I always walked oddly.
Archie, with whom I walked hundreds of miles (on one trek, a hundred and ten miles in five days), used to say that it was like walking with a duck. In the time I was covering the counties of Ulster with Archie, it was easy to laugh at such comments (walking from Co Donegal to Co Down on one occasion, it would have been hard if I had not enjoyed his company).
In days at primary school, being mocked for the way I walked was not so much fun. “Jelly Feet” was the nickname used by some of the people in the class, even those who were friends. It was assumed by everyone, even by me, that I was no good at sports. Along with my ducklike way of walking, I lacked the hand/eye co-ordination required to be good in the games of cricket or rounders that filled many afternoons during the summer term.
Miss Rabbage, our teacher, used to practice inclusivity in times before the word was known. The junior sports day for the area was an occasion when she would try to ensure everyone was entered for at least one event. My race was the sack race, it being commented by classmates that my feet pointed the right way for the corners of the sack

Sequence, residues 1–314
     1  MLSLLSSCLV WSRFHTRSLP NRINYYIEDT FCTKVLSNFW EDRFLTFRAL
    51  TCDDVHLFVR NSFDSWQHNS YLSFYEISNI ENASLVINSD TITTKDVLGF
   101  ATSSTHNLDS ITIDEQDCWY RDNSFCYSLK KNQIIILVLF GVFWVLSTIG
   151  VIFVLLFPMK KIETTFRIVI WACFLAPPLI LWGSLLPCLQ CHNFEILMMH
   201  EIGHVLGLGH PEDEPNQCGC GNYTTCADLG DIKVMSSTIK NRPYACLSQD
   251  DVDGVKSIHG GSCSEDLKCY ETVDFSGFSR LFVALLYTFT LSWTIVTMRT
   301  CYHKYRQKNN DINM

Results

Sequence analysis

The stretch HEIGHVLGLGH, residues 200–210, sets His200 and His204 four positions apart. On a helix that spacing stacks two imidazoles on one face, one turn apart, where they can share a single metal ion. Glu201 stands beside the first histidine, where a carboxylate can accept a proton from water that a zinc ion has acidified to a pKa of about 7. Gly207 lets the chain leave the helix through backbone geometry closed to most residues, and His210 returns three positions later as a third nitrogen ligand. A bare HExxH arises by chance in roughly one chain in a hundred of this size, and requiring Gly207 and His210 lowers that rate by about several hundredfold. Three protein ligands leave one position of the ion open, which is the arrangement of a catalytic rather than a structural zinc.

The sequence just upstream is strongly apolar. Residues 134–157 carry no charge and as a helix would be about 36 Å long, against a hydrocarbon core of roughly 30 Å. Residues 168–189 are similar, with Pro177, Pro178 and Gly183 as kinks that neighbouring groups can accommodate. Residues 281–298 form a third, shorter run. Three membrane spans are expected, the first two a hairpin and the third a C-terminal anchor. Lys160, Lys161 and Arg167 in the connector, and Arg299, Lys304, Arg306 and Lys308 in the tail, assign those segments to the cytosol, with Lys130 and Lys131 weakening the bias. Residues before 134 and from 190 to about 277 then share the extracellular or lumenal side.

Briefly, though, for just one summer, “jelly feet” disappeared. It was a surprise for everyone, particularly for me. Entry to the serious events, those requiring the ability to sprint or to jump long or high, was determined by competition within the school.
The junior class boys were lined up to decide which of us would be entered for the individual sprint and which of us would be chosen for the relay team. The word “go” was shouted and, head down, I seemed to run faster than I had ever done in my life. I finished second, no-one being more surprised than me. There was a conferring between the staff and it was announced that the race would be run again. I came second for a second time.
At the Langport Area Junior Sports day, I ran the third leg of the relay. I can still remember the delight of that moment. Our team did not win, but we did better than we had ever done before. There were great congratulations and a fine certificate to take home.
And I was still entered for the sack race. The red certificate for coming third in it seemed insignificant compared with the turquoise confirmation that I could sprint.